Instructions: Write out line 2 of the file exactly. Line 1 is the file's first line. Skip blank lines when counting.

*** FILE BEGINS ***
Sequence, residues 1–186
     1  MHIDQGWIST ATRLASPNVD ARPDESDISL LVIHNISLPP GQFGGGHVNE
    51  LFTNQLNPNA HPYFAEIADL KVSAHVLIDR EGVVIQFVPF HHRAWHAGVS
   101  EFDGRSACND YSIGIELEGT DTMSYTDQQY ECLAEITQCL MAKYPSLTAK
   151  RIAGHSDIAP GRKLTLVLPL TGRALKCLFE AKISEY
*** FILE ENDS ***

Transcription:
     1  MHIDQGWIST ATRLASPNVD ARPDESDISL LVIHNISLPP GQFGGGHVNE